Where I come from, morality has little to do with blind devotion to ancient writings, and everything to do with being kind and honest and making sure you leave the world a little better and cleaner than you found it.
How exciting to be living in a time when science is unraveling the genetic codes of not only humans and our mammalian relatives, but of many other important life forms that may have played a role in our existence. (Check out endosymbiosis on the Internet.)

Ham and AIG, on the contrary, are using a well-financed media machine, coupled with the drawing power of moving, life-like dinosaurs, to encourage willful ignorance. If adults want to suspend rational belief, clearly they can go right ahead. What most bothers me is when children become intellectually disabled by the junk science teachings of AIG and other creationist organizations. I especially worry about the Christian home school kids, a growing movement in which AIG is intimately involved.

I do apologize to my religious friends if this comes off as ridiculing. But it is hard not to sound that way when you are trying to counter $27 million worth of ridiculousness.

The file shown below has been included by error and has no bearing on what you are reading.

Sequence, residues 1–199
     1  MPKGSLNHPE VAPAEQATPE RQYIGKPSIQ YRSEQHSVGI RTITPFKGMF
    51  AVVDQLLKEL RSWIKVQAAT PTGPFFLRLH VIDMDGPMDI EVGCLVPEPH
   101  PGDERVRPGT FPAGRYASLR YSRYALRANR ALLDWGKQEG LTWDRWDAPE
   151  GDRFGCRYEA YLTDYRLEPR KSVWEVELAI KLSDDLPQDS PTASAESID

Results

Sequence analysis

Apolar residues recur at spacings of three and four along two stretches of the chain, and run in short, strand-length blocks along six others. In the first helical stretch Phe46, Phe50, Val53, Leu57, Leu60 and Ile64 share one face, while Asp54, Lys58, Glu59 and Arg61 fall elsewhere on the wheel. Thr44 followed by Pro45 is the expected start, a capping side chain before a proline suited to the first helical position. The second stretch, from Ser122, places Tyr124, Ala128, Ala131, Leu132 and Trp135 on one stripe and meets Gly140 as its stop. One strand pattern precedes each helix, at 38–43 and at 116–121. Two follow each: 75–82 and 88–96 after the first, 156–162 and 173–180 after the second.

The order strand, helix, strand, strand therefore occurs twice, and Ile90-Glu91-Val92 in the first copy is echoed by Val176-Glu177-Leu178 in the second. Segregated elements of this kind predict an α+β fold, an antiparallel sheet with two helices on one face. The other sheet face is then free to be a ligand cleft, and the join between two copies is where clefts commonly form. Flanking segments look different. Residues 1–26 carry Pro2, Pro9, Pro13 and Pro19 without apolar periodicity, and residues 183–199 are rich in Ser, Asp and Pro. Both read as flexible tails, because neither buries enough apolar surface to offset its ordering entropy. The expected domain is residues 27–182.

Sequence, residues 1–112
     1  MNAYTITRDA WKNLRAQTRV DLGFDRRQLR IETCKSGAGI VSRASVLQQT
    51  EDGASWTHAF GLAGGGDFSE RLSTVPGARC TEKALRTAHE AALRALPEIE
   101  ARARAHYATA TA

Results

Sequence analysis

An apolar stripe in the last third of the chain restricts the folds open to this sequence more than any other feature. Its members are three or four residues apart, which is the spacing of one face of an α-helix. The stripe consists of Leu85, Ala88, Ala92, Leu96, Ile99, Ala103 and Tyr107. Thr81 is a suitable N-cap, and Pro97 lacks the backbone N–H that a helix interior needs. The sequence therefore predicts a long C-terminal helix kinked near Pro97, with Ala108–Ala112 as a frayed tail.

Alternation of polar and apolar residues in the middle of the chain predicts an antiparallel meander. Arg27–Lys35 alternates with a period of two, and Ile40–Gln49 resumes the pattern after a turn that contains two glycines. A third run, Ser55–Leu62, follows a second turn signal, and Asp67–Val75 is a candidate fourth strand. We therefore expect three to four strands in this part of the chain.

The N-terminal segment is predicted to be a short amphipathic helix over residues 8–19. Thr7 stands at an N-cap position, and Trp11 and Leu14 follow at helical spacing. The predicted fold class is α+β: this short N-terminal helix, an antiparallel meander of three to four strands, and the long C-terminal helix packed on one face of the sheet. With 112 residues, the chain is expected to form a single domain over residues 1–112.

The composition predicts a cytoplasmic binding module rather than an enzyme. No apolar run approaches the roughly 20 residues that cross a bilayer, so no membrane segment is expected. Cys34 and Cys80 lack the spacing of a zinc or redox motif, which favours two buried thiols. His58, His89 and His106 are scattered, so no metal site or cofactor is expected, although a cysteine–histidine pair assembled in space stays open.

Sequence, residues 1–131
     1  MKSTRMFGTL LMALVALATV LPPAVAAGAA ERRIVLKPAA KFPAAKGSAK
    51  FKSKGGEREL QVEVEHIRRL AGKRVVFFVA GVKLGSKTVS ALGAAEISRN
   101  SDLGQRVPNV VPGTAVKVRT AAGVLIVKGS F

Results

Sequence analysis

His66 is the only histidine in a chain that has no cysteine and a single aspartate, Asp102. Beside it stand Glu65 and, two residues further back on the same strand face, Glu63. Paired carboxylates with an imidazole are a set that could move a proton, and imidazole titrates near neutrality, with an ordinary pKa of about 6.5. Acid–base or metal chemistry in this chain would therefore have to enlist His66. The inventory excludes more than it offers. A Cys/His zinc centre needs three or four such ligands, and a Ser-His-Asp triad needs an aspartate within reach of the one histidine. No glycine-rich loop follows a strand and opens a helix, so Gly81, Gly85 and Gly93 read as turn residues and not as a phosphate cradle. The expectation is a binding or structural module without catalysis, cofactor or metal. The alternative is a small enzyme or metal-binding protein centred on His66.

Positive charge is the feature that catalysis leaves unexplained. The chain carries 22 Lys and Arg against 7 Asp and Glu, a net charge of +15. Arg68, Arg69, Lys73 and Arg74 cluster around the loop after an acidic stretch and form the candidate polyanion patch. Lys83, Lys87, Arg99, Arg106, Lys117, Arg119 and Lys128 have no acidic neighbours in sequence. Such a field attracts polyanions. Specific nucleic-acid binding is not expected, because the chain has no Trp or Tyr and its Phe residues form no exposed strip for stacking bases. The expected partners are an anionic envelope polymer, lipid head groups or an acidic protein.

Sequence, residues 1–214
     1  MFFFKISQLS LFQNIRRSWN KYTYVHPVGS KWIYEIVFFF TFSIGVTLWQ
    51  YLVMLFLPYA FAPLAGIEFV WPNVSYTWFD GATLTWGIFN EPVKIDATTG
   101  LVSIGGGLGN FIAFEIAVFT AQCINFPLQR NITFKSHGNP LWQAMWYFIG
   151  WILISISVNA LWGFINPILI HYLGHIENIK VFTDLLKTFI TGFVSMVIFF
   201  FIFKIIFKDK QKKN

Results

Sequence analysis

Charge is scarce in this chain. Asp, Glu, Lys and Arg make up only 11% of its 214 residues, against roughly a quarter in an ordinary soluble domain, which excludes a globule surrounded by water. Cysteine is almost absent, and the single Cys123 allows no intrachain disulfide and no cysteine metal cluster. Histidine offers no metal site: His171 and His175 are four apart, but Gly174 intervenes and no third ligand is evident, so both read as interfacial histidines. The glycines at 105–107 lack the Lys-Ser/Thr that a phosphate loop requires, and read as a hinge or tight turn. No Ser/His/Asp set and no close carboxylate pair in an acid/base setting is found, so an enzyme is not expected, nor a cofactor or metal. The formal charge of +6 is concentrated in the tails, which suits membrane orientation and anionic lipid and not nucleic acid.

Come to think of it, shouldn’t the Christian community lead the effort to counter AIG and its fantasy museum? Maybe now would be a great time to get together and re-examine the other supernatural claims of the world’s various religions, and to adjust them to reflect 21st century knowledge. Here’s hoping that the Rev. Albert Mohler and his followers at the Southern Baptist seminary; the folks at the Presbyterian Church USA headquarters and their seminary; Southeast Christian Church and its Christian Academy schools; the Catholic diocese and its hundreds of schools; and the Jews and Muslims all get the memo.

In concluding, I suppose congratulations are in order to Ken Ham and Answers in Genesis upon the completion of their monument to superstitious dogma. I just hope they have a really hard time keeping the lights on.

Contact the writer at
benjamincarl@bellsouth.net